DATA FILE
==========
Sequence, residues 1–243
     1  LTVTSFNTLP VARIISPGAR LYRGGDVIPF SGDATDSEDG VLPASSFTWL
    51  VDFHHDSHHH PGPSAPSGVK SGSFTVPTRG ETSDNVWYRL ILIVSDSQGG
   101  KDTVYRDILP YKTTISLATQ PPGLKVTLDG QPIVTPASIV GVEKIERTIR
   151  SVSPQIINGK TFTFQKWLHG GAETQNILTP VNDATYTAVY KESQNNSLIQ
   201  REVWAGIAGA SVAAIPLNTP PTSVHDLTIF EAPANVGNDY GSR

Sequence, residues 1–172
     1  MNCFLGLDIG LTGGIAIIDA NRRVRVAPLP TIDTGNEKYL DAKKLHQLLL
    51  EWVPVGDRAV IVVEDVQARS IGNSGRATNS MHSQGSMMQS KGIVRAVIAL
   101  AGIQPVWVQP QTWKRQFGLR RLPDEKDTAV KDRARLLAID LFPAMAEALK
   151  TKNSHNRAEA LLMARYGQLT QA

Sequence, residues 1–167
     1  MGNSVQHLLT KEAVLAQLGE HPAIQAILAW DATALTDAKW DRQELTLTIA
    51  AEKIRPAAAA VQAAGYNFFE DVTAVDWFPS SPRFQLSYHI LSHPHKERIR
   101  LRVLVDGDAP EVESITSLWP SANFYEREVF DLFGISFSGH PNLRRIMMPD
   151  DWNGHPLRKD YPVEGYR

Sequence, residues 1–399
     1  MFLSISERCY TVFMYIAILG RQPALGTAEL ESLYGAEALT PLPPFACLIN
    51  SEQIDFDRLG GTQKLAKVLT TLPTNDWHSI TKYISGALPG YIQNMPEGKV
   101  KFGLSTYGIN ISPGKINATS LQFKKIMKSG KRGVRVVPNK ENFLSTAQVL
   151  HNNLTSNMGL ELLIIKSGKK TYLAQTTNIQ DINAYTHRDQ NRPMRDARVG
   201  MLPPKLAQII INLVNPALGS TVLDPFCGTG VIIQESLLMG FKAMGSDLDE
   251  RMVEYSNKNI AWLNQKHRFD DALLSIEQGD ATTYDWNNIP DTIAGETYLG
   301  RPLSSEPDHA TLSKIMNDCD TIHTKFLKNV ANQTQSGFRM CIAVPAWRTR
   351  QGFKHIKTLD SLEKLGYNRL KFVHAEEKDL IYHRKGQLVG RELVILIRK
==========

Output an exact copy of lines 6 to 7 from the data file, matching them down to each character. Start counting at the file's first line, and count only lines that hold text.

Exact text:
   201  REVWAGIAGA SVAAIPLNTP PTSVHDLTIF EAPANVGNDY GSR

Sequence, residues 1–172